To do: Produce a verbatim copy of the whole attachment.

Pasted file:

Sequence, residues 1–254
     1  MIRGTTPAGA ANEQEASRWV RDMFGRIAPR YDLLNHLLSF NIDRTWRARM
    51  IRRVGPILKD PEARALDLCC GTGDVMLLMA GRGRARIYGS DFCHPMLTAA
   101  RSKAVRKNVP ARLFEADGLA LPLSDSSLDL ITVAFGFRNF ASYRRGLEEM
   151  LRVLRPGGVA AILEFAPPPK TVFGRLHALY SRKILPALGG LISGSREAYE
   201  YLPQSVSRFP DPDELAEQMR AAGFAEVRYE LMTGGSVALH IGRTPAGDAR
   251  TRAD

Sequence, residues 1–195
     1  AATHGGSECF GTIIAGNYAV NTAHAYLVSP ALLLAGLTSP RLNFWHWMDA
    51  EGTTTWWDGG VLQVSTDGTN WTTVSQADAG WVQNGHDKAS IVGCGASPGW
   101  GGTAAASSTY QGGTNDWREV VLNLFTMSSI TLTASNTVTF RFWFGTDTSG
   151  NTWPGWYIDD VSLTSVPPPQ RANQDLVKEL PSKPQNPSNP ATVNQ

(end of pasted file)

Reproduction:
Sequence, residues 1–254
     1  MIRGTTPAGA ANEQEASRWV RDMFGRIAPR YDLLNHLLSF NIDRTWRARM
    51  IRRVGPILKD PEARALDLCC GTGDVMLLMA GRGRARIYGS DFCHPMLTAA
   101  RSKAVRKNVP ARLFEADGLA LPLSDSSLDL ITVAFGFRNF ASYRRGLEEM
   151  LRVLRPGGVA AILEFAPPPK TVFGRLHALY SRKILPALGG LISGSREAYE
   201  YLPQSVSRFP DPDELAEQMR AAGFAEVRYE LMTGGSVALH IGRTPAGDAR
   251  TRAD

Sequence, residues 1–195
     1  AATHGGSECF GTIIAGNYAV NTAHAYLVSP ALLLAGLTSP RLNFWHWMDA
    51  EGTTTWWDGG VLQVSTDGTN WTTVSQADAG WVQNGHDKAS IVGCGASPGW
   101  GGTAAASSTY QGGTNDWREV VLNLFTMSSI TLTASNTVTF RFWFGTDTSG
   151  NTWPGWYIDD VSLTSVPPPQ RANQDLVKEL PSKPQNPSNP ATVNQ